News & Publications

​Department of Labor Publishes Updated Family and Medical Leave Act Forms

Act Now Advisory

Epstein Becker Green Labor and Employment On May 27, 2015, the Department of Labor (“DOL”) issued new model Family and Medical Leave Act (“FMLA”) notices and medical certification forms. The previously issued forms expired as of February 28, 2015, without any update by the DOL. These new model forms are valid through May 31, 2018.

Aside from the new, extended expiration date, there is only one noteworthy change from the old forms—many of the forms now acknowledge the obligations of employers and health care providers under the Genetic Information Nondiscrimination Act (“GINA”) by including requisite disclosure language. This language informs health care providers about the types of information that they should not provide to employers and serves to protect employers in the event they inadvertently receive information prohibited under GINA. The language itself is not new, but its inclusion in the DOL’s FMLA forms serves as a codification of rules and recommendations that have been in place since the passage of GINA in 2008.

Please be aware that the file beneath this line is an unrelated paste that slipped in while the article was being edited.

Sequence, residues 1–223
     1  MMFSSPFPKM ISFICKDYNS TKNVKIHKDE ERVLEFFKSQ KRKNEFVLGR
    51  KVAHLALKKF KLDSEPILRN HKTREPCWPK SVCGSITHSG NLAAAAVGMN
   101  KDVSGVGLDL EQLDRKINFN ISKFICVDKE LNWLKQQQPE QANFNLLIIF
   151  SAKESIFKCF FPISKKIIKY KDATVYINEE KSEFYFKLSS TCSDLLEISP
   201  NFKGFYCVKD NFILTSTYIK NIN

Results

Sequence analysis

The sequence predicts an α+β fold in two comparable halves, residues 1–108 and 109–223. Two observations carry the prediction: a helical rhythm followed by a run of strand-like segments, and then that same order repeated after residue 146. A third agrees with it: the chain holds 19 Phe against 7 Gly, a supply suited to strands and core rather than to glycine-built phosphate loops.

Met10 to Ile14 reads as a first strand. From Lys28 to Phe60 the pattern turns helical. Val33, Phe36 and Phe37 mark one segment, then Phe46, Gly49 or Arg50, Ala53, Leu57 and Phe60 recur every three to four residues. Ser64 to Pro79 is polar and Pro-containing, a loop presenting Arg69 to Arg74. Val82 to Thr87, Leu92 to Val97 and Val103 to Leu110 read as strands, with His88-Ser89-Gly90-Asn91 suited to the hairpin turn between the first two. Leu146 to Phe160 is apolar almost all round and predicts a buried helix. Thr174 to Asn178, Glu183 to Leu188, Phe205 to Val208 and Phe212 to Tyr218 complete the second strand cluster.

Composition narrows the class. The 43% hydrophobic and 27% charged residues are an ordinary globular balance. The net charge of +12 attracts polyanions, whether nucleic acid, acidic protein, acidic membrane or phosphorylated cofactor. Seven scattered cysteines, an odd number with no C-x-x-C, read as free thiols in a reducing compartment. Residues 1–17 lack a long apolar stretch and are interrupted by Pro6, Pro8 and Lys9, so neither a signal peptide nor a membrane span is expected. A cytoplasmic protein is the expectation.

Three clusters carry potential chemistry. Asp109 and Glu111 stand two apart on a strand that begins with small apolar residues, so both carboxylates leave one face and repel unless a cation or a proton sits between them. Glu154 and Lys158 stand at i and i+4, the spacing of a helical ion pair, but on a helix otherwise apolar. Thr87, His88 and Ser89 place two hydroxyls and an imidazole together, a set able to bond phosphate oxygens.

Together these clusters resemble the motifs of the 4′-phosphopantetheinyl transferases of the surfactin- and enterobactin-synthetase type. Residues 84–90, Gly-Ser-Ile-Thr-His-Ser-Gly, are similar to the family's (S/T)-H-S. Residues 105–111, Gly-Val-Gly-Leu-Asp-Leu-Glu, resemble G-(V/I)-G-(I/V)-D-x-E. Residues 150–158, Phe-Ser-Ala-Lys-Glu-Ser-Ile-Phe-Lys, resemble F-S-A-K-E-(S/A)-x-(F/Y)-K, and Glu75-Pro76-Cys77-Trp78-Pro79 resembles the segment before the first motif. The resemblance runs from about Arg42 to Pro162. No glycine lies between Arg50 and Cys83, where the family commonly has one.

As a reminder, under GINA:

  • employers are required to maintain records and documents relating to medical certifications, recertifications, or medical histories of employees created for FMLA purposes as confidential medical records in files/records that are separate from personnel files if such certifications, recertifications, or histories are covered by GINA; and
  • health care providers should not provide any information about:

The following is a list of the revised forms, and you may click on each link to access the applicable form:

Other FMLA forms published by the DOL were not updated and remain effective as-is. Employers may access these forms at the following links:

What Employers Should Do Now

  • Review your FMLA forms to ensure that they are current.
  • Review GINA-related obligations with human resources personnel and/or company medical professionals, if applicable, to ensure GINA compliance.
  • Train human resources personnel and/or company medical professionals on what information can and cannot be sought in connection with FMLA forms pursuant to GINA.


For more information about this Advisory, please contact:

Susan Gross Sholinsky
New York
[email protected]
Joshua A. Stein
New York
[email protected]
Nancy L. Gunzenhauser
New York
[email protected]
Gregg Settembrino
New York
[email protected]